Lady Justice Arden considered Sephton in some detail and, in particular, the decision that a diminution in value of a particular asset or assets was distinguished from the diminution in the value of a party's total net worth with the consequence that a claimant who diminishes the value of their general assets only, for example by executing an unsecured guarantee, incurs only a contingent liability, which is not damage for limitation purposes. By contrast, a guarantor who executes security over his property would at that point diminish the value of a particular asset, and would suffer damage for limitation purposes, setting the limitation period running (perhaps before they even realise damage has been suffered).

Arden LJ's view was that Sephton required there to be a measurable loss before time began to run, that is to say loss which is additional to the incurring of a purely contingent liability. Accordingly, in Akther, the insurer suffered loss when the policies were entered into because at that point the liabilities under the policies were greater than they should have been. The risk and the premium were intertwined and, in economic terms, the premiums were worth less than they should have been because the liabilities were greater than they should have been.

Similarly, Arden LJ held that damage in respect of the conduct breaches occurred when the breaches took place in so far as the insurer was thereby exposed to greater liabilities than it would have otherwise been. Longmore LJ agreed that the insurer was worse off at the time of the inception of the policies, as any valuation of the policies at that time would have to take into account the assumed fact that there had been no proper vetting.

However, whilst Lord Justice Lloyd accepted that from a commercial and economic point of view the insurer suffered actual loss at the time that it entered into a disadvantageous policy, he held that the effect on the commercial and economic position did not provide the answer as to whether in the eyes of the law the insurer suffered damage at that point. His view was that this led only to a contingent liability and that until a claim actually arose under the policy the liability remained contingent. Accordingly, Lloyd LJ held that this case was not distinguishable from Sephton, and the claims were not statute barred. He applied the same reasoning to the conduct breach claims.


The Court of Appeal decision appears to provide further scope for asserting that damage has accrued, for limitation purposes, at an earlier date save in respect of "pure" contingency cases. In particular, there is likely to be a clear benefit to professional indemnity insurers, and their insureds, if they are able to assert that limitation will start to run at an earlier date, even though the damage may not become apparent until some (possibly very lengthy) period after. There will, however, remain a factual issue as to whether or not the particular circumstances give rise to pure contingency. It should also be remembered that in such a case the additional three year limitation period from the date of the claimant's knowledge of the relevant facts may then apply (section 14A of the Limitation Act 1980).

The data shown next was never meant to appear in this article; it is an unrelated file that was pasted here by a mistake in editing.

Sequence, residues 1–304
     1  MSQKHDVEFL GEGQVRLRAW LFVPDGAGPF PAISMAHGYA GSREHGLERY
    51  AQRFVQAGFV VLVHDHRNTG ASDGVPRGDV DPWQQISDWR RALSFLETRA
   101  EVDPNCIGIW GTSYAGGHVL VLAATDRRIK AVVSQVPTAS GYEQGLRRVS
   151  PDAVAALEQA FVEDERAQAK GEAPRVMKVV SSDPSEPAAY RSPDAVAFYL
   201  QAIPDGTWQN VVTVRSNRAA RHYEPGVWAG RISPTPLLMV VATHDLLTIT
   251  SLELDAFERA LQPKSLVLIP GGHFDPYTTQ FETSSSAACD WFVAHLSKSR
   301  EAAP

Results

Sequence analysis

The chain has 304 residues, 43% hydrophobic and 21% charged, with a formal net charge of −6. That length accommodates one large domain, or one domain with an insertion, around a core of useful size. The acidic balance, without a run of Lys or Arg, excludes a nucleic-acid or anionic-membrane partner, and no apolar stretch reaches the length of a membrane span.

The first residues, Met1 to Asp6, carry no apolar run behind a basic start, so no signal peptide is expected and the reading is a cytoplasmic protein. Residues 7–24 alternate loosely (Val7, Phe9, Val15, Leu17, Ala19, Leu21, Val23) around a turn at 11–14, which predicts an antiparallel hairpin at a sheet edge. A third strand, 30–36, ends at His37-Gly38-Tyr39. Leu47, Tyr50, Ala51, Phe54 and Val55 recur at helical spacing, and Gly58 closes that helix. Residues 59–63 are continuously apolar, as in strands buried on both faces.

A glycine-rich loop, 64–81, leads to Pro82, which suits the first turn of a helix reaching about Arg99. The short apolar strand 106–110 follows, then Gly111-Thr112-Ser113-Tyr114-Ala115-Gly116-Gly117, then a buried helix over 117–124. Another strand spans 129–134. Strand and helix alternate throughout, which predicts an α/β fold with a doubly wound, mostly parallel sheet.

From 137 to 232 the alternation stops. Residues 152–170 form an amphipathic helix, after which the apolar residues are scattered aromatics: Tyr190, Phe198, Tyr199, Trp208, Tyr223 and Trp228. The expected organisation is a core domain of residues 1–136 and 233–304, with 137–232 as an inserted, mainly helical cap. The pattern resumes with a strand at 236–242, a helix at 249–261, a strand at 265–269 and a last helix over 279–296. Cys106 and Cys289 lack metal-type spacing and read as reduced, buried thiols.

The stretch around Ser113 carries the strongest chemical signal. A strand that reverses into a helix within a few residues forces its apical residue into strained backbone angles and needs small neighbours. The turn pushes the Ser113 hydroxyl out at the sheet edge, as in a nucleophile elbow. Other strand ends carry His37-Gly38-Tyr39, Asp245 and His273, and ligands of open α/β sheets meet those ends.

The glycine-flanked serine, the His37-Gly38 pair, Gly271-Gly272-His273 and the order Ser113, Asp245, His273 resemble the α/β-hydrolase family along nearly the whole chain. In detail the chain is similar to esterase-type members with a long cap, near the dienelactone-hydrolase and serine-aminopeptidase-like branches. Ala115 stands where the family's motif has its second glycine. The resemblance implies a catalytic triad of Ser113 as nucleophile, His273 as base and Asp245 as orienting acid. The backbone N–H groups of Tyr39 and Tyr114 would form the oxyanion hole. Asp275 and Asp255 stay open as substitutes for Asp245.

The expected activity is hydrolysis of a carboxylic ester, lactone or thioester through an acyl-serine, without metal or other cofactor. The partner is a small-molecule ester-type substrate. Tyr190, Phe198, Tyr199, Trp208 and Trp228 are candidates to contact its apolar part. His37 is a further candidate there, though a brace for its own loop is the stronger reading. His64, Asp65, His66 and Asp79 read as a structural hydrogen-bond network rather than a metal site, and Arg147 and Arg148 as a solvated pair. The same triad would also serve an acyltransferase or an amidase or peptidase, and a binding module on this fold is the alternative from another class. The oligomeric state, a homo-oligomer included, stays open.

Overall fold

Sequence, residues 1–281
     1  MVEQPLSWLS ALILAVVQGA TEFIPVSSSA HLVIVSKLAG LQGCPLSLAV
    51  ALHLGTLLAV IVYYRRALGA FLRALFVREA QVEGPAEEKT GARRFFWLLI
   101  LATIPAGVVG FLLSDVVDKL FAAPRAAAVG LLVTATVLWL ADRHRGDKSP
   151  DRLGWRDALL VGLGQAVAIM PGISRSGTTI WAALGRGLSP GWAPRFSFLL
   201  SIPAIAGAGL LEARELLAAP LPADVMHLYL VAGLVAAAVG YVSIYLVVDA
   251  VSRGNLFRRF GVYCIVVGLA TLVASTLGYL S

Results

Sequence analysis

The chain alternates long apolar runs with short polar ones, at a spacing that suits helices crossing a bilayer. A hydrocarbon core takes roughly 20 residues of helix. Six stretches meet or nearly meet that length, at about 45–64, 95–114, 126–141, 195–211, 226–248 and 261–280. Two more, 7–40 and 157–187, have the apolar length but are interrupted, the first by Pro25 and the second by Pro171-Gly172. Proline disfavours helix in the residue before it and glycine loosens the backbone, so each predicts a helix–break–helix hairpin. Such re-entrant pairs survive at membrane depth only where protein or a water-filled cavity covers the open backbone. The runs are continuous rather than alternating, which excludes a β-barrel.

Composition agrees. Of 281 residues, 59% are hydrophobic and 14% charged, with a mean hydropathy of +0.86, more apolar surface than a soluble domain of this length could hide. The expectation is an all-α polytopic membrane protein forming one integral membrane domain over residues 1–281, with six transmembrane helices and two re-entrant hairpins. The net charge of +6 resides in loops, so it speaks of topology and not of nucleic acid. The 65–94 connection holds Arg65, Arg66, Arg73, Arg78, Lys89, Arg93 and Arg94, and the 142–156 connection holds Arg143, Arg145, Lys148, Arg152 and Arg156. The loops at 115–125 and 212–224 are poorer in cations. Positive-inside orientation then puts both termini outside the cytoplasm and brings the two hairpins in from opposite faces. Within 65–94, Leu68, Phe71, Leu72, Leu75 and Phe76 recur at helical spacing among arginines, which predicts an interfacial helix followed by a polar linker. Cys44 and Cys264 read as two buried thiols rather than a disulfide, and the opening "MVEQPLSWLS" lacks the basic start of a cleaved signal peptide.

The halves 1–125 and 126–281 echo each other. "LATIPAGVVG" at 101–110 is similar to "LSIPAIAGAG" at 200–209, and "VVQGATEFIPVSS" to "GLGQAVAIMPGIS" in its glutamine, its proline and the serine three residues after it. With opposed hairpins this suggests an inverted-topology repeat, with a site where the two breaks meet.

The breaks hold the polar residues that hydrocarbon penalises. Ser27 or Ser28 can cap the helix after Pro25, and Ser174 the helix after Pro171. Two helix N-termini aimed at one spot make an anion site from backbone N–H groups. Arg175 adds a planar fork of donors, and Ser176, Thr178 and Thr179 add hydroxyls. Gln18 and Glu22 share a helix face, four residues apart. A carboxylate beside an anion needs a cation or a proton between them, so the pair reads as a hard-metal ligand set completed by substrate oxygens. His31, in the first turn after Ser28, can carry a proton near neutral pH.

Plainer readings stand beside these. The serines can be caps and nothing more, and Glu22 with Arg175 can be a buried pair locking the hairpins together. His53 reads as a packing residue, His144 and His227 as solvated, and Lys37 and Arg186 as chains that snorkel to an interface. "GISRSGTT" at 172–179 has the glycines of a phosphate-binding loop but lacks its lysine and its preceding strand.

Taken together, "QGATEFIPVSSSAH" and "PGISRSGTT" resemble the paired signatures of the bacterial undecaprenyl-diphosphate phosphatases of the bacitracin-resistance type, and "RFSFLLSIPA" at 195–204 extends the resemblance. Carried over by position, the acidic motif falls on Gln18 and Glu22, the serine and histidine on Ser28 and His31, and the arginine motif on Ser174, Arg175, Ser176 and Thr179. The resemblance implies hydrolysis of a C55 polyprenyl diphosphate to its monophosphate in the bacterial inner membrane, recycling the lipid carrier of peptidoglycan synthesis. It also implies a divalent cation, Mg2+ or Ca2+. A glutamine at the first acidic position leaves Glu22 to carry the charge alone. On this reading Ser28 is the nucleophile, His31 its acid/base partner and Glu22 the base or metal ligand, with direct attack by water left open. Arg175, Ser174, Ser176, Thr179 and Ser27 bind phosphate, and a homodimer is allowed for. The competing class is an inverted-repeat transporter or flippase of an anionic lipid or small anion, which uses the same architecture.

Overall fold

In any event, the decision, and the fact that three judges were not unanimous, serves to highlight how difficult, and unpredictable, the law is on this issue. Although Sephton appeared to provide considerable assistance for claimants, it is noteworthy that Arden LJ posited that that the rule for contingent liabilities may have been created to seek to avoid there being cases like in Forster, where the wrongdoer benefits. Moreover, these difficulties perhaps explain why Arden LJ went so far as to suggest that the Supreme Court may wish to revisit its decision in certain respects. Permission to appeal to the Supreme Court was granted and so the Supreme Court may indeed get the chance to review and clarify, so watch this space!

In the meantime, in light of the current thorny legal issues involved, the best advice remains to attempt to resolve the position at an early stage. In certain cases, a summary judgment application may be appropriate, however, as limitation issues are increasingly fact specific, trial of a preliminary issue in relation to limitation may be more appropriate. It goes without saying that great care should continue to be taken to identify at an early stage whether there is a potential limitation issue so that costly battles can be avoided altogether.

The content of this article is intended to provide a general guide to the subject matter. Specialist advice should be sought about your specific circumstances.